US tech giants campaign against government snooping

Washington, Dec 9: Overcoming their rivalries, eight US tech giants have joined hands to launch a public campaign asking the Obama administration and the US Congress to put a check on government surveillance through internet.

All together, Apple, Google, Microsoft, Facebook, Yahoo, Twitter, LinkedIn and AOL issued an open letter to President Barack Obama and members of the US Congress calling for reforms and restrictions on government surveillance.

The heads of the eight companies including Google’s Larry Page, Yahoo’s Marissa Mayer and Facebook’s Mark Zuckerberg endorsed the campaign.

“While the undersigned companies understand that governments need to take action to protect their citizens’ safety and security, we strongly believe that current laws and practices need to be reformed,” the CEOs said.

Arguing that surveillance has gone too far, the companies said they are improving encryption and fighting to limit surveillance requests besides asking for new legal changes to limit surveillance.

“The balance in many countries has tipped too far in favour of the state and away from the rights of the individual – rights that are enshrined in our Constitution. This undermines the freedoms we all cherish. It’s time for change,” the CEOs wrote.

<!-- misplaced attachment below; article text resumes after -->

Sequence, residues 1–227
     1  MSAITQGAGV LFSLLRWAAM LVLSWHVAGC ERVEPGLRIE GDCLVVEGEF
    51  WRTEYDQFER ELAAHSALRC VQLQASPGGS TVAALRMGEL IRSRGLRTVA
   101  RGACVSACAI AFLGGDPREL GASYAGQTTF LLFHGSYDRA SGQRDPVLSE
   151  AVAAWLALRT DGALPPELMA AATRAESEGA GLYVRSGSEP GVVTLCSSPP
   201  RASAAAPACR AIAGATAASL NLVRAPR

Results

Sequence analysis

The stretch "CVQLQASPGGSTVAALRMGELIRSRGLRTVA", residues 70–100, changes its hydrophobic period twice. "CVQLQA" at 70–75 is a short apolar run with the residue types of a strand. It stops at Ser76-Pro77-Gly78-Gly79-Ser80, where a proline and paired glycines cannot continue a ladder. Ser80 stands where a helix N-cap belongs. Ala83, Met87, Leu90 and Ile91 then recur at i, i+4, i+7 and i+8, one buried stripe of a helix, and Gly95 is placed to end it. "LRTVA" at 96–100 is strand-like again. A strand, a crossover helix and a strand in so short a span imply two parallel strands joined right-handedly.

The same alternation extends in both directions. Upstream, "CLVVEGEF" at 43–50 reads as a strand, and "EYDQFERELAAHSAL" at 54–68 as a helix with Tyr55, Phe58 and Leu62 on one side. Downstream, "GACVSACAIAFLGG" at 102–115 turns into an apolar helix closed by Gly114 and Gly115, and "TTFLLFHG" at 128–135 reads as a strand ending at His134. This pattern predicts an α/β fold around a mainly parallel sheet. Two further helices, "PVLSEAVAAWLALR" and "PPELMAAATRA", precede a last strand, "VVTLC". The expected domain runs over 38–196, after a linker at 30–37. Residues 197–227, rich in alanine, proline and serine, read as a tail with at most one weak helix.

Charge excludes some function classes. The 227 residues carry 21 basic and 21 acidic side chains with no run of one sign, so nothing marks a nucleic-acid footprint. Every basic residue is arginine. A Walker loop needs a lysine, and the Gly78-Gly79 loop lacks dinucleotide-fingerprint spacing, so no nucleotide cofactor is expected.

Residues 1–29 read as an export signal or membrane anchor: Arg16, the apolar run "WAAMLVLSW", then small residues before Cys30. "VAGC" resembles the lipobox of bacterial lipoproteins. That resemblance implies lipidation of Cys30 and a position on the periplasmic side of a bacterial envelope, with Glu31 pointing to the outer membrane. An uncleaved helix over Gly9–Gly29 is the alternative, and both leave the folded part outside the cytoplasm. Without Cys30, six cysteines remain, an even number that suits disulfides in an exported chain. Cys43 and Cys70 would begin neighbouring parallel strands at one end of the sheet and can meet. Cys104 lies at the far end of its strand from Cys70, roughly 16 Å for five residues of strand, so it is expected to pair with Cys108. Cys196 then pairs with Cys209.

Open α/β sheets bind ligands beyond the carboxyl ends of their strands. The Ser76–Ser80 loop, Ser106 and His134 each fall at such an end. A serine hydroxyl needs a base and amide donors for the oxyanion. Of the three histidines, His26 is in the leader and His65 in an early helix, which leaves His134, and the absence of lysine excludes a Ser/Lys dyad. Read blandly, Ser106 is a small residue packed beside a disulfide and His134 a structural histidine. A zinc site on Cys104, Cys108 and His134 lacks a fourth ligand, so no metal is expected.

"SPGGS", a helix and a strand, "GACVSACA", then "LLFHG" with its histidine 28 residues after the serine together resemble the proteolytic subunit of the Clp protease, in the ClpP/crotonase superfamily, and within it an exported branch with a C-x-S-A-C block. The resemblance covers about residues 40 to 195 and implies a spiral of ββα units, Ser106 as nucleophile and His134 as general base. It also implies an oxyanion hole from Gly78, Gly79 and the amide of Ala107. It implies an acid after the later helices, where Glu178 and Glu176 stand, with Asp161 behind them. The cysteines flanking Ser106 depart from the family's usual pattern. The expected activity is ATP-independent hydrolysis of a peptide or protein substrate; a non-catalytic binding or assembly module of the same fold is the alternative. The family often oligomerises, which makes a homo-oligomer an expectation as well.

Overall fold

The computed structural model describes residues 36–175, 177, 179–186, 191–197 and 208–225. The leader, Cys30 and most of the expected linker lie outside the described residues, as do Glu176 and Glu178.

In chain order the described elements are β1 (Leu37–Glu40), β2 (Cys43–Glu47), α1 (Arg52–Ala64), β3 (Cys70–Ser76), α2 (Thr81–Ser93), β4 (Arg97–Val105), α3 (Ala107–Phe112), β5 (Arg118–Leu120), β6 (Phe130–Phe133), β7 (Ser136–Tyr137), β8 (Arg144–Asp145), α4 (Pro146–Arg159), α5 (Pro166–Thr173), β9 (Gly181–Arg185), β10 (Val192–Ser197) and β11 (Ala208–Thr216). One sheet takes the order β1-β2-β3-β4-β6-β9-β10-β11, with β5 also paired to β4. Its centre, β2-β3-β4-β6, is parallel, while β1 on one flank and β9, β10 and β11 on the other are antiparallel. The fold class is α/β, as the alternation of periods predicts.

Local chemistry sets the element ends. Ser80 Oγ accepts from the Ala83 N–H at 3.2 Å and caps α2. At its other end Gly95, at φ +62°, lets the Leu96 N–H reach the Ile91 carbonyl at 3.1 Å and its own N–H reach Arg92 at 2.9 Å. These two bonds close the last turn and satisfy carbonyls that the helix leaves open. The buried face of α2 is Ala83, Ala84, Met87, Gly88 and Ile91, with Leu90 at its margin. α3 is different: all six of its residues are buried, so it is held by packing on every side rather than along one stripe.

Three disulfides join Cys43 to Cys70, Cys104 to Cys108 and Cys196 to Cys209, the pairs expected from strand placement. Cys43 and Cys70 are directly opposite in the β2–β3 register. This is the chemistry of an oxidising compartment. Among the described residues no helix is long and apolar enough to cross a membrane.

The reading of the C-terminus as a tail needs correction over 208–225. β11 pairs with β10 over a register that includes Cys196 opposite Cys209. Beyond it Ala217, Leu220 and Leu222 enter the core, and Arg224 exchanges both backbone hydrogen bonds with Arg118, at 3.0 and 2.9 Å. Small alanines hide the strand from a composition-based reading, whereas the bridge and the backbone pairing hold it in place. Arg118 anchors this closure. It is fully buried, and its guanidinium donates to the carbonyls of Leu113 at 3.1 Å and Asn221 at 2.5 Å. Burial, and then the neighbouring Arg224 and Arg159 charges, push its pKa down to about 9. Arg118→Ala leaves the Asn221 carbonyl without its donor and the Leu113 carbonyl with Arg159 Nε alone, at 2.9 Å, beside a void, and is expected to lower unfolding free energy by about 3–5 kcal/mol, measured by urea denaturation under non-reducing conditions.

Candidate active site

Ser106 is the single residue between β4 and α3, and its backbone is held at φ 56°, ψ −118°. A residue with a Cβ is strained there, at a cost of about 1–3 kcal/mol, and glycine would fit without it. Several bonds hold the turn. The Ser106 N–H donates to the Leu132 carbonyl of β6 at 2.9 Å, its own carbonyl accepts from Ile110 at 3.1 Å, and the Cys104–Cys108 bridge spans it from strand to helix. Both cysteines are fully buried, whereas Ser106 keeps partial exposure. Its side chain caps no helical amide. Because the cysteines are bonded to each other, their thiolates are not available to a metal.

The tech giants’ campaign comes in the wake of former National Security Agency contractor Edward Snowden’s revelations on the agency’s vast surveillance databases, many of which are part of programmes with intelligence agencies in other countries.

The US law requires tech companies to cooperate with court-ordered surveillance programmes. The NSA is also known to use other means to snoop on e-mail and other communications.

The surveillance is hurting the companies’ businesses around the world as they are viewed as working too closely with US intelligence.

“People won’t use technology they don’t trust. Governments have put this trust at risk, and governments need to help restore it,” Microsoft’s general counsel, Brad Smith said in a blog post.

IANS